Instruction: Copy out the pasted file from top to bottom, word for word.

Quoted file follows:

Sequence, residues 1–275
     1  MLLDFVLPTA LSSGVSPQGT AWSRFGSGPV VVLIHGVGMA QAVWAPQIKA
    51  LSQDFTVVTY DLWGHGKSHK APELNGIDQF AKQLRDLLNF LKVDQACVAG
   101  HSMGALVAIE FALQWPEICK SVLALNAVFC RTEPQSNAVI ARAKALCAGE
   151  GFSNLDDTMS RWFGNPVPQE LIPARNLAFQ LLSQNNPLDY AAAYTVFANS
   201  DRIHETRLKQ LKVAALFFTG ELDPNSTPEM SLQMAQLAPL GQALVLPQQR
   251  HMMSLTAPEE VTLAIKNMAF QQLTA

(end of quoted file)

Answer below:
Sequence, residues 1–275
     1  MLLDFVLPTA LSSGVSPQGT AWSRFGSGPV VVLIHGVGMA QAVWAPQIKA
    51  LSQDFTVVTY DLWGHGKSHK APELNGIDQF AKQLRDLLNF LKVDQACVAG
   101  HSMGALVAIE FALQWPEICK SVLALNAVFC RTEPQSNAVI ARAKALCAGE
   151  GFSNLDDTMS RWFGNPVPQE LIPARNLAFQ LLSQNNPLDY AAAYTVFANS
   201  DRIHETRLKQ LKVAALFFTG ELDPNSTPEM SLQMAQLAPL GQALVLPQQR
   251  HMMSLTAPEE VTLAIKNMAF QQLTA